Further to the Art of Writing Micro-Fiction

Yesterday’s post, on reflection, didn’t have the clarity and brevity that it needed (despite a reblogging — thank you for that Yas). The words weren’t left to settle long enough. So, in the spirit of trying to aim better, I now aim to make amends in the edit.

Brevity and succinctness are often misunderstood. A very short story may well receive the feedback that ‘it feels like it could be developed into something longer.’ This entirely misses the point.

Holly Howitt-Dring’s essay uses the heading ‘micro-fiction’ as an umbrella term which includes ‘flash fiction’ as well as the ‘short short’. However, I would suggest that flash fiction is more inclined towards quick, timed writing rather than the studied brevity of ‘micro’, as I read it.

‘Micro-fiction’ in this article, therefore, is a form of writing that the author has given plenty of consideration to. There is historical precedent for micro-fiction. This reader considers some works as micro-fiction, even if the author didn’t originally label them as such.

I offer up three examples of historical micro-fiction. These examples are chosen because (i) they appear to have been considered, despite being short, in the writing; (ii) they appear either as parts of a greater whole — a ‘novel’ — or as part of a collection of stories, or as linked pieces; (iii) they can be read as individual pieces in their own right.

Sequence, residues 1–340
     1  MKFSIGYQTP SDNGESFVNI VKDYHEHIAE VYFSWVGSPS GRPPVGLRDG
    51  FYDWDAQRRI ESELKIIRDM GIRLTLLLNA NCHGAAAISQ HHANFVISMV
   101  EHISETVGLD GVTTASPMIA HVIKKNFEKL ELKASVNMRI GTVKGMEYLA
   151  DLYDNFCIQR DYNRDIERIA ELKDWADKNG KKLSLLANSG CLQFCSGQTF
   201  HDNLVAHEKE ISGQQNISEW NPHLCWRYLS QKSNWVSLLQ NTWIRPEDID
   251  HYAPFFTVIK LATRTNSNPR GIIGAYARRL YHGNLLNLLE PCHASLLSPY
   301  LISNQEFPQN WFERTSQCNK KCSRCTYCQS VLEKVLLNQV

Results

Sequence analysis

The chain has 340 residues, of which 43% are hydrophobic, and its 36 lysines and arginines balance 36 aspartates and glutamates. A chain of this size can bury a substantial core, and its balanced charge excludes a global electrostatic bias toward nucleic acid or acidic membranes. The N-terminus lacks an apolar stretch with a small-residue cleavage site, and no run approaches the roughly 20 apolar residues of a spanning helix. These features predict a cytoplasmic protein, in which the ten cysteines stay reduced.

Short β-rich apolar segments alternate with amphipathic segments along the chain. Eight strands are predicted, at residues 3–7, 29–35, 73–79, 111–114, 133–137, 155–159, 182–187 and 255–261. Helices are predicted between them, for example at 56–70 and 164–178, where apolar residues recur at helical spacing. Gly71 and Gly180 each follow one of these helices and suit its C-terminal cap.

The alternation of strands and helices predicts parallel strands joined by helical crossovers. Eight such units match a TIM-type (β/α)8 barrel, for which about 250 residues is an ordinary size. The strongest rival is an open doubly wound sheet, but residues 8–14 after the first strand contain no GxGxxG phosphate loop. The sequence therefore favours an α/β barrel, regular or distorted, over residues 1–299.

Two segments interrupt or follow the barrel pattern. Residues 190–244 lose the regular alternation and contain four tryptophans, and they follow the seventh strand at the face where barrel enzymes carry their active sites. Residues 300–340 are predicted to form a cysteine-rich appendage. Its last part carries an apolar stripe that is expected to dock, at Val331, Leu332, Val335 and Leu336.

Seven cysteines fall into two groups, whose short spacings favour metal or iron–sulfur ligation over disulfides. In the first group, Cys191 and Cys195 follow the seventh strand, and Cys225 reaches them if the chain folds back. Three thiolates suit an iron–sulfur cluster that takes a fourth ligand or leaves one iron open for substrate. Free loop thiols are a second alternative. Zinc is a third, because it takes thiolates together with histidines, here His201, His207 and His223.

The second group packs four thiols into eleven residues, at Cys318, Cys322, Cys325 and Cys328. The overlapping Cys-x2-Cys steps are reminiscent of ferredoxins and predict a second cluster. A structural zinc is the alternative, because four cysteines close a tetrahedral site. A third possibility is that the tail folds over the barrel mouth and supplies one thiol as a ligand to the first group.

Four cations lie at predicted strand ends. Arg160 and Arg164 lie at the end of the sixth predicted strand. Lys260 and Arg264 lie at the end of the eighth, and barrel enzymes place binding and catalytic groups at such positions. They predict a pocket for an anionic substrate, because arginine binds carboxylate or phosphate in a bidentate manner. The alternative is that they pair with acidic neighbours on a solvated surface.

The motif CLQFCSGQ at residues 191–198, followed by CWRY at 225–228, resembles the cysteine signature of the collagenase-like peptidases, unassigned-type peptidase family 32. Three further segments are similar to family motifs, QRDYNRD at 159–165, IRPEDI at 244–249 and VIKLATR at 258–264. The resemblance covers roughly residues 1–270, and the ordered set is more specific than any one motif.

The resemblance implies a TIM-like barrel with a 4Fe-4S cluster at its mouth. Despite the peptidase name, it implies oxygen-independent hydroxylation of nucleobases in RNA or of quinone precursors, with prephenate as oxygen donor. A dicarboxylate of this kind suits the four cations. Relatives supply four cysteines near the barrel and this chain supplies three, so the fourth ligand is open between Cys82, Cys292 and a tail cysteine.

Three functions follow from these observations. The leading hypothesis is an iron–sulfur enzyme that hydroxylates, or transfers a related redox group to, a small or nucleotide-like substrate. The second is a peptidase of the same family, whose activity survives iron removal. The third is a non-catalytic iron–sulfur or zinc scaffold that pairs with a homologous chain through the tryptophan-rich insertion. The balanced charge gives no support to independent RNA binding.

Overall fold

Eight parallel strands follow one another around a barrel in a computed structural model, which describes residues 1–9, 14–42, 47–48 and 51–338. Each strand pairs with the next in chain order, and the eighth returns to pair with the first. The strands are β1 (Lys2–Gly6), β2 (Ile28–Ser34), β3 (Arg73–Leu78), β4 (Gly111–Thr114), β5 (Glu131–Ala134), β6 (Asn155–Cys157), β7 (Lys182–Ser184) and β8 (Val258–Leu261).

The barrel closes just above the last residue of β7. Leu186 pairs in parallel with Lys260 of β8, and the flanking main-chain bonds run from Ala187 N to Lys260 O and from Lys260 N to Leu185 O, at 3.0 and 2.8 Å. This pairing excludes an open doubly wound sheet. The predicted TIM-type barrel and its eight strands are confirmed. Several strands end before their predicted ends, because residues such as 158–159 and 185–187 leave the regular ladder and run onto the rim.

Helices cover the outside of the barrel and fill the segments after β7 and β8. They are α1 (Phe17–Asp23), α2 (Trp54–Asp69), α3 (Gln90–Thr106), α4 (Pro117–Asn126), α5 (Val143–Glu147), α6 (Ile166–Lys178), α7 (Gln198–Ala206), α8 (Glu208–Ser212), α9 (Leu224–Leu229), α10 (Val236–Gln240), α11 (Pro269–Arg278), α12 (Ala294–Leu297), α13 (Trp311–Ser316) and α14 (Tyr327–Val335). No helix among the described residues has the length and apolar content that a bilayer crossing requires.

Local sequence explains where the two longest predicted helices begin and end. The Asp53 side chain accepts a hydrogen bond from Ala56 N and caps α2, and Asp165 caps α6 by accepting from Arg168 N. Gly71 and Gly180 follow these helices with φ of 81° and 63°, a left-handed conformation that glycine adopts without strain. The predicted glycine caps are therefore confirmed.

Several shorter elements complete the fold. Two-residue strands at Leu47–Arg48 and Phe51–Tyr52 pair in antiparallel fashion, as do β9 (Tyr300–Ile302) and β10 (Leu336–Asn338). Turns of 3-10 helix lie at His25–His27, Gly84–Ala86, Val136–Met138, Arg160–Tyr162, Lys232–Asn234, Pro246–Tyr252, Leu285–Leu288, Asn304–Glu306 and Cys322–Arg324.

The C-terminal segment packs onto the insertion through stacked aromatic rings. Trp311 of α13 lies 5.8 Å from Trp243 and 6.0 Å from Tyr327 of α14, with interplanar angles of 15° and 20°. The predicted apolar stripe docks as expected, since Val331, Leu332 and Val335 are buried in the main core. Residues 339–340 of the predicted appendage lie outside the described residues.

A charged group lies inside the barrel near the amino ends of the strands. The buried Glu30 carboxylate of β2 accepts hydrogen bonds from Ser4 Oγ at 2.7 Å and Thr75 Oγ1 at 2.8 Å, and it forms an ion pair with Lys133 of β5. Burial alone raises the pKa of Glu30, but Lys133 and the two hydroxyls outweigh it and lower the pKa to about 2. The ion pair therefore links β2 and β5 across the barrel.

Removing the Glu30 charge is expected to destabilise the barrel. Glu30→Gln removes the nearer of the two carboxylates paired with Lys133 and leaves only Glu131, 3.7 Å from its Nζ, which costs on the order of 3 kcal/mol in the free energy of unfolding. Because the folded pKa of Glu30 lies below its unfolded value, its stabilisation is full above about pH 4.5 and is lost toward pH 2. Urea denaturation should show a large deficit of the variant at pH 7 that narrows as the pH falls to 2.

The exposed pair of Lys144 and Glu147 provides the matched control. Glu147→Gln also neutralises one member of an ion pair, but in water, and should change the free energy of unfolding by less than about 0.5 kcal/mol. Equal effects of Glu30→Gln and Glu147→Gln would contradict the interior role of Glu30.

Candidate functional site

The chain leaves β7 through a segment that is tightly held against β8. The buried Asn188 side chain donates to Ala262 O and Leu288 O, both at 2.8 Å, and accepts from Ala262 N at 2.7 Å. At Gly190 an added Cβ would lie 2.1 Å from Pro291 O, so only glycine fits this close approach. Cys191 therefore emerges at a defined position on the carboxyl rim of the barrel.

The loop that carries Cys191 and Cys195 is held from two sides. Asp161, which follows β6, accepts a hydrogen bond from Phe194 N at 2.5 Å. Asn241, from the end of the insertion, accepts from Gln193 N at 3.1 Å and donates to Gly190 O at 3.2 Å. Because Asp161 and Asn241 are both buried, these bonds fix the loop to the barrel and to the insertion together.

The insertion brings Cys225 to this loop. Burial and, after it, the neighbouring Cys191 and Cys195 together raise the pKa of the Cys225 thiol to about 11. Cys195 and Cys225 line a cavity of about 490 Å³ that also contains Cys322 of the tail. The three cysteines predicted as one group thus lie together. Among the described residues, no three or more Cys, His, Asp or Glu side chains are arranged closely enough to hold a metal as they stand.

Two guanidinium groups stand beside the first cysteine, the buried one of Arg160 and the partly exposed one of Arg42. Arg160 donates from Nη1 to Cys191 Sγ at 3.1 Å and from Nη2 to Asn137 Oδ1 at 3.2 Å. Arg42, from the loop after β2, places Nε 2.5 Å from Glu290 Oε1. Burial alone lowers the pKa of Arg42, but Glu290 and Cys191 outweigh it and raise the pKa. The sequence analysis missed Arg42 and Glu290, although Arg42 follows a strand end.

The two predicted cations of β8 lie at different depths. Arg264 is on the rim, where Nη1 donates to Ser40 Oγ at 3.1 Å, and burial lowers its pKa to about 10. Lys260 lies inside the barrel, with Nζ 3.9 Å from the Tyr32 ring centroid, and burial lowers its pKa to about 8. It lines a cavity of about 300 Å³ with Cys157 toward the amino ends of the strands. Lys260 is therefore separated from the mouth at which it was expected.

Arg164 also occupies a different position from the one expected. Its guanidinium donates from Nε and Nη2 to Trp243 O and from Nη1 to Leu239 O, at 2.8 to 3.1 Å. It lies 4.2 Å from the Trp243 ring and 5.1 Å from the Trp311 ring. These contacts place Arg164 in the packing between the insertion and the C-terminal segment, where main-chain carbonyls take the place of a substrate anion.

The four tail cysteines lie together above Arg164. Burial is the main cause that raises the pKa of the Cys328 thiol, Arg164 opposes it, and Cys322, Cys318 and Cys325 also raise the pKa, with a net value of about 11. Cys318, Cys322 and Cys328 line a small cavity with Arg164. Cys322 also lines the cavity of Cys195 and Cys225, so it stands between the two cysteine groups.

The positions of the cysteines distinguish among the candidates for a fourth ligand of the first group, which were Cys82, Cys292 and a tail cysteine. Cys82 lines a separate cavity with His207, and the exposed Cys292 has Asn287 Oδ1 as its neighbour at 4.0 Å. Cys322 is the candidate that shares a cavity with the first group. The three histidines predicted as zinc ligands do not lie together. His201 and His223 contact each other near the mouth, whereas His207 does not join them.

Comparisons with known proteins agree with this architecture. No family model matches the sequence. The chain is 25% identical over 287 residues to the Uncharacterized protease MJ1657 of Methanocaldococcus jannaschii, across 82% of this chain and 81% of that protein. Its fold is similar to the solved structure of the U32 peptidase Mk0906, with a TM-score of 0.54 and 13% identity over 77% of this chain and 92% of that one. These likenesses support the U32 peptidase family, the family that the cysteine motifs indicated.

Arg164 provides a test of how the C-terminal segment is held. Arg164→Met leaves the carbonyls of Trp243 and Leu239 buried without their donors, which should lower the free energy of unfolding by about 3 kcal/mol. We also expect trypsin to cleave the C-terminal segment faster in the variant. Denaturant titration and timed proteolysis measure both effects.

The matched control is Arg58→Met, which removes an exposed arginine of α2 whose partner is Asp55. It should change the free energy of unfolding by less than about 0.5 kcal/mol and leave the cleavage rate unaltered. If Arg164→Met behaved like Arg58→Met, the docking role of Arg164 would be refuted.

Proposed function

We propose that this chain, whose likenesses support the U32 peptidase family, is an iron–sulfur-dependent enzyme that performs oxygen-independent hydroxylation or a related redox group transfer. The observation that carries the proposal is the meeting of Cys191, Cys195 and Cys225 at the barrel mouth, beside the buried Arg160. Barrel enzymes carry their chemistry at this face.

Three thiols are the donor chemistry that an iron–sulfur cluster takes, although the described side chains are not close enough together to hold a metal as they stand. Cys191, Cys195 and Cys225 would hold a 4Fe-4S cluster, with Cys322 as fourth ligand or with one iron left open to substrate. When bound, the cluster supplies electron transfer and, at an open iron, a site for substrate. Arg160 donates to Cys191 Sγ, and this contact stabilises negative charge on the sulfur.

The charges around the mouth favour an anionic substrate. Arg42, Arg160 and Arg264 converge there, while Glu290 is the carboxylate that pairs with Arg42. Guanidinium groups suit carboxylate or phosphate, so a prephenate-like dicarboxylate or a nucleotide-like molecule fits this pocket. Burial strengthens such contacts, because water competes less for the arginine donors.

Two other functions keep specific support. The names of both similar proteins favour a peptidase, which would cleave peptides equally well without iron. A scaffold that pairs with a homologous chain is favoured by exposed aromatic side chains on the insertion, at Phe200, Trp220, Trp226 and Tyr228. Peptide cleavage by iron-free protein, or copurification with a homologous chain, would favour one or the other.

Brautigan’s The God of the Martians (1955/56) — six hundred words, divided into twenty ‘chapters’ — is an example that might seem to contradict my earlier statement: that developing a short piece into a longer one misses the point. I use Brautigan’s novel as an example of turning that thought around though: a ‘longer’ piece (albeit only six hundred words) can be viewed by way of its short separate entities — in this case, a series of averaged thirty-word, stand alone stories in themselves.

Kafka’s Meditations (1906-1912) and A Country Doctor: Little Tales (1914-1917) are individual pieces/stories that have been collected into a greater whole. They each stand alone.

Calvino’s Invisible Cities (1974, 1979) are linked, yet they’re stand alone pieces.

Micro-fiction is misunderstood. It is something to aspire to (and there is a body of work to act as precedent). Writing with brevity and succinctness takes some great skill. It need not be the start of something longer (although it can, of course, be a part of something wider): micro-fiction is a beauty in its own right.
 
 

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